Education authority provide emergency support in schools over suicide rate
Emergency support has been provided by the Education Authority (EA) after 25 suicides and sudden deaths in schools since September 2017.
The figures were revealed to Stormont's education committee on Wednesday.
Nicola Topping said the authority's critical incident response team would help schools in "sudden-death type situations."
Separately, an MLA on the committee described the amount of counselling provided to pupils as "shocking".
MLAs on the committee heard evidence on mental-health and emotional well-being.
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Ms Topping was responding to a question from the SDLP MLA Daniel McCrossan, who said he had been to three recent funerals of pupils who had taken their own lives.
Mr McCrossan asked what support services were in place for pupils if a fellow pupil killed themselves.
"All of us have seen it in our own respective constituencies where there is a suicide in a school and that has a knock-on effect to an entire year group," he said.
"Last summer I attended the funerals of three young people who were very close friends who took their own lives very close together."
Mr McCrossan said that could have a devastating impact on a school.
In response, Ms Topping said the EA's critical incident response team would visit a school after an event such as a suicide to provide support or counselling.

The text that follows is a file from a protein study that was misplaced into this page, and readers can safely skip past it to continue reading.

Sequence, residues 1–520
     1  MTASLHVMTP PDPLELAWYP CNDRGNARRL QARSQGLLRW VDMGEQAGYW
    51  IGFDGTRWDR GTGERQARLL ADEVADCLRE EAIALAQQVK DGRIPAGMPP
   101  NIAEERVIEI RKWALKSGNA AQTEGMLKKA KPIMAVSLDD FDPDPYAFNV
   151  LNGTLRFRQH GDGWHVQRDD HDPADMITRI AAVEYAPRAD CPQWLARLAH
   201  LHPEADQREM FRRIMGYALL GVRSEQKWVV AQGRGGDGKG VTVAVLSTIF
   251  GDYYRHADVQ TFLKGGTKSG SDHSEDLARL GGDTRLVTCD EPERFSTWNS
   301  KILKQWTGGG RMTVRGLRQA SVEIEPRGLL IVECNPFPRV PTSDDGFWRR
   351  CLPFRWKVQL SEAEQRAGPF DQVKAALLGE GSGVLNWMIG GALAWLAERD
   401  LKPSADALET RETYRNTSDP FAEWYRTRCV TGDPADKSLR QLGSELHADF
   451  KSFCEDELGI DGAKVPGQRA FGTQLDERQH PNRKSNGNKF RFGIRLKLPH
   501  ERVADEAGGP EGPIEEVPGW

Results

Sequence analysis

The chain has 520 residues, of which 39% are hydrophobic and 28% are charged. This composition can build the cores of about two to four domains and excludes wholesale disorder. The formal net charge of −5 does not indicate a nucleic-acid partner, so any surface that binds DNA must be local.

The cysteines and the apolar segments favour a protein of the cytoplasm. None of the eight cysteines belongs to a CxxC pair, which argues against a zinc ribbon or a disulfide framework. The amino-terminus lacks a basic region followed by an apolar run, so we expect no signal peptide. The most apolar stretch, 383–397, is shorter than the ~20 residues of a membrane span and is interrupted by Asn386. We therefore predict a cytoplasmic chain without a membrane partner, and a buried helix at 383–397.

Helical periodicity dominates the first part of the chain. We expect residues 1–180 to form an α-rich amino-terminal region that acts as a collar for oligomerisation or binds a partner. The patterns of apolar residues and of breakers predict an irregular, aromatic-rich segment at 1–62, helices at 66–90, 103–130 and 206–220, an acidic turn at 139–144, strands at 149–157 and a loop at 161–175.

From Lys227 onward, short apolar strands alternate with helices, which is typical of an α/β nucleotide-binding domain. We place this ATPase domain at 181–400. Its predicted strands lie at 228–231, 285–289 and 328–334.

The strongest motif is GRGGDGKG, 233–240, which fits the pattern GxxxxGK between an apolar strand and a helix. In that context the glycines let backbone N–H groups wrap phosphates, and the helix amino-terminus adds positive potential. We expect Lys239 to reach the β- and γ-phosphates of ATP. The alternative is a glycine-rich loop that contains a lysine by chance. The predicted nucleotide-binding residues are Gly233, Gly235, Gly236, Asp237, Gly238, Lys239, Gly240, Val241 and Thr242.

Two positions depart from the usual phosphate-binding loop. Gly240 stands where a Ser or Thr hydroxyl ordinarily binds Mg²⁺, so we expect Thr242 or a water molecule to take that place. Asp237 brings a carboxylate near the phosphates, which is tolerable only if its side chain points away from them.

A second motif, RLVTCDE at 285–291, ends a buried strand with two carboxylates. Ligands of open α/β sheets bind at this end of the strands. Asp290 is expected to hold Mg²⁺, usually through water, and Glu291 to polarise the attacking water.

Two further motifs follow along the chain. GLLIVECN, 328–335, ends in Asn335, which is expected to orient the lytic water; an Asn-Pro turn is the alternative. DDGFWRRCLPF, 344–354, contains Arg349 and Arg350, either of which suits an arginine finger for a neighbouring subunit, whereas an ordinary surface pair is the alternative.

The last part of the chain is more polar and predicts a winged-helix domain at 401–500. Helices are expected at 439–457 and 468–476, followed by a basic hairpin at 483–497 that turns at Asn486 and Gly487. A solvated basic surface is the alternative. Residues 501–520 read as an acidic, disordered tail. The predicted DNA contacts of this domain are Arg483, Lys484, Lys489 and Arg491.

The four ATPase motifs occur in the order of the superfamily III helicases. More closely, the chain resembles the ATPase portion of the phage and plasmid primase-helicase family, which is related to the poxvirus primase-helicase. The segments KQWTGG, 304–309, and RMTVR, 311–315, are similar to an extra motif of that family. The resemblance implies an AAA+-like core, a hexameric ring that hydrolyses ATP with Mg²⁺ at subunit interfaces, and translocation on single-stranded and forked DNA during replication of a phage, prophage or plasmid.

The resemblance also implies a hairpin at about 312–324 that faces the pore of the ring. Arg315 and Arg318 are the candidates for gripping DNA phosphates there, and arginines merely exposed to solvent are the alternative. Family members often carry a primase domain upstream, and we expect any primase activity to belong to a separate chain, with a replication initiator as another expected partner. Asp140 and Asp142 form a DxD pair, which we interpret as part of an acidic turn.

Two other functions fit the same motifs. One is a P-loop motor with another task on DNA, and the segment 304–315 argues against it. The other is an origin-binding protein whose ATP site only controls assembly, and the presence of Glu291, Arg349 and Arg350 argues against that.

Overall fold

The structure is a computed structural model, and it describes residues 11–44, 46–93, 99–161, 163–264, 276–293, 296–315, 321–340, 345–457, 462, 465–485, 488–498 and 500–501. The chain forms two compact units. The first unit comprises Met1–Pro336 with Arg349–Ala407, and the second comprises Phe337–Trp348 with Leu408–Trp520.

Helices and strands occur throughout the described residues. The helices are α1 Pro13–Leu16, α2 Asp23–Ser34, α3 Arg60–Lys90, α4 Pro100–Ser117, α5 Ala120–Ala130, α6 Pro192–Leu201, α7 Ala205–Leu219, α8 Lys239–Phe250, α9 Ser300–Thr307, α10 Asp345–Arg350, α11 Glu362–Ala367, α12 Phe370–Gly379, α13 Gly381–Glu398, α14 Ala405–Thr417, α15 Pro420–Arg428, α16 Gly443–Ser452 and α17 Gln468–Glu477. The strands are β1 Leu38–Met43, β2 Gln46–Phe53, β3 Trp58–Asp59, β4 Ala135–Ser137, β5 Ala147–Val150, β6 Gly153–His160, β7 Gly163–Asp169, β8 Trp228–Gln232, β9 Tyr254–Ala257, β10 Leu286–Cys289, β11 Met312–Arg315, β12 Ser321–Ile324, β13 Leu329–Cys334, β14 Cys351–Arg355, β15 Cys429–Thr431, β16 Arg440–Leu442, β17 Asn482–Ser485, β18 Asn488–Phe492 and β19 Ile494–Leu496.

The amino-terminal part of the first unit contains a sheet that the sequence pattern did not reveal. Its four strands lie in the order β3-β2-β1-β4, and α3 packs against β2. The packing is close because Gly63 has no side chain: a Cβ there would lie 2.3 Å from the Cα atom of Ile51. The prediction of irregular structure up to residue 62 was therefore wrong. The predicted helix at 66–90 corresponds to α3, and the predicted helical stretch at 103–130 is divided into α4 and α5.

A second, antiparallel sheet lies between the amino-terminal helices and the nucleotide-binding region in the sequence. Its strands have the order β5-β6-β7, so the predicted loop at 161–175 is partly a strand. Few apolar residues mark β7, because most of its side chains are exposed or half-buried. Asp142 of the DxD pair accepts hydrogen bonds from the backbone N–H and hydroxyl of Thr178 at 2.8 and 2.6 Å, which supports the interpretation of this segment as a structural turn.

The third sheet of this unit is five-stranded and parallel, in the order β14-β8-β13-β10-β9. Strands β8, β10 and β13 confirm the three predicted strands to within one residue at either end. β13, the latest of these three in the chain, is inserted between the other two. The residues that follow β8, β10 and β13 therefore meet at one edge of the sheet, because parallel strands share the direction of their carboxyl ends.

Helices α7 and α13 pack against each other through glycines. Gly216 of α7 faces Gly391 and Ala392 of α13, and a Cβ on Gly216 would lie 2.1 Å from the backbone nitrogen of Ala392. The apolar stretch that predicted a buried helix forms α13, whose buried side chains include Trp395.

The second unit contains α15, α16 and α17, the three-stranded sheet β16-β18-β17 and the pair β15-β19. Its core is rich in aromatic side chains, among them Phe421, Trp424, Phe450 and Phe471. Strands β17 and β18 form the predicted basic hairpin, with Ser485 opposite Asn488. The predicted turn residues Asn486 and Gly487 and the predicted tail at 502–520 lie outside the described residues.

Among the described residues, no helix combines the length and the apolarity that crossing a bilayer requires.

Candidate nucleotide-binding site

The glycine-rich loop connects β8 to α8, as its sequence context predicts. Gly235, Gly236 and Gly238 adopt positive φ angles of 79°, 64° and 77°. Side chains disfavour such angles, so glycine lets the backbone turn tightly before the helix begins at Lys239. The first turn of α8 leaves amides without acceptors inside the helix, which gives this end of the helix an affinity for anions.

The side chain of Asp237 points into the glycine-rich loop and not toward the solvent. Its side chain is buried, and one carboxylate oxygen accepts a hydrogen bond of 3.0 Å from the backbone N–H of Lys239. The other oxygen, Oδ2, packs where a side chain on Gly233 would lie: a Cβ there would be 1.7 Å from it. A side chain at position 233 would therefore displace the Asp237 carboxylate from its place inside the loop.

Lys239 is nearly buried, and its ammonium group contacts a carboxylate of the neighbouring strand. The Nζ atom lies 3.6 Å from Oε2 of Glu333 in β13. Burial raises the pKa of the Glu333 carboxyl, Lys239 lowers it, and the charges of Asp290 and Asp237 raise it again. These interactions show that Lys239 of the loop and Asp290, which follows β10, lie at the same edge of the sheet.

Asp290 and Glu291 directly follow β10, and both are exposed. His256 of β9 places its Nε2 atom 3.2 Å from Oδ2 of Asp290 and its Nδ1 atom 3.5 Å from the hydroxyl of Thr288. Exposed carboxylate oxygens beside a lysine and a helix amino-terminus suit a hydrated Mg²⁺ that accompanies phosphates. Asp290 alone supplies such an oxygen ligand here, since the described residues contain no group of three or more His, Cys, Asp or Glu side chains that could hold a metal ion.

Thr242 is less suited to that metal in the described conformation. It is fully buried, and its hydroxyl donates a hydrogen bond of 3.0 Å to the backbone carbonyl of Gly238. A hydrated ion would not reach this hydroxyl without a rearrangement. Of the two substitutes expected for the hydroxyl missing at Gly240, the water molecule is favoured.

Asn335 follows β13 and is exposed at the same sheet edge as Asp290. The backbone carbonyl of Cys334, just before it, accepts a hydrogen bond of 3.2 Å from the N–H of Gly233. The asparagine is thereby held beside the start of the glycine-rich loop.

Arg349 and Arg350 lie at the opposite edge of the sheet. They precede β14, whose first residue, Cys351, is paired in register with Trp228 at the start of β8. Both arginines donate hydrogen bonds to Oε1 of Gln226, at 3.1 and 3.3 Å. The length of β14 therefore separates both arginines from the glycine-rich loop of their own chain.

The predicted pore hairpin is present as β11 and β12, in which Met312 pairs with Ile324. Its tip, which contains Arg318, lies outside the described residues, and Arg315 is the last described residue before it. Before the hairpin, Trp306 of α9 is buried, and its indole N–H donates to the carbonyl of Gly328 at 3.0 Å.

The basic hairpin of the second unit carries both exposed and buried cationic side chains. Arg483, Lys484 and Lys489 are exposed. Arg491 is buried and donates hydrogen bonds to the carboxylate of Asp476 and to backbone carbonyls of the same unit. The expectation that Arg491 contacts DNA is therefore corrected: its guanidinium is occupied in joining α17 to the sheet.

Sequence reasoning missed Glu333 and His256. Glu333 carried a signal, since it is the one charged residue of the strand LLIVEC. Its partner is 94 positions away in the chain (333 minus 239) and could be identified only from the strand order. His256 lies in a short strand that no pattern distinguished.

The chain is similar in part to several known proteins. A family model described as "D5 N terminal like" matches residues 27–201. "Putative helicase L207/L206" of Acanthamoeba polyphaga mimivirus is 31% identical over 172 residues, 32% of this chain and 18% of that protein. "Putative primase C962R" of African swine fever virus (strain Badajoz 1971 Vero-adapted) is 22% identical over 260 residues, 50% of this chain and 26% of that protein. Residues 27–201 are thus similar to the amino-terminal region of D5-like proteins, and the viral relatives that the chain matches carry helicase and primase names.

The team provides extra support to the school's existing pastoral care team in the event of the serious injury or death of a pupil, member of staff or member of the school community.
"Over the past three years the critical incident response team has responded to 141 critical incidents," Ms Topping said.
She told Mr McCrossan 25 of those were in "sudden-death type situations such as you're describing."
Ms Topping also detailed how many counselling sessions were available to post-primary schools on a weekly basis.
A new Independent Counselling Service for Schools service was introduced in September 2019 at a cost of £23.6m over five years.
Ms Topping said the number of pupils that could be seen for counselling depended on the size of their school.
In post-primary schools with fewer than 499 pupils, three pupils per week could receive a counselling session in addition to one "drop-in" session.
In schools with 500 to 999 pupils, five pupils a week could receive a counselling session, while that rose to eight pupils a week in schools with pupils from 1000 to 1499 pupils.
In the largest schools, with over 1500 pupils, 10 pupils could receive a counselling session each week in addition to a drop-in session.
"Inevitably there may be some waiting list behind that," Ms Topping said.
"We are largely constrained by the funding in relation to what we are given to provide the counselling service."
In response, the Sinn Fein MLA Karen Mullan described the level of counselling schools got as "shocking".
"Listening to those figures it's actually more shocking for me to hear that in a size of a school of one thousand children there's five sessions per week," Ms Mullan said.
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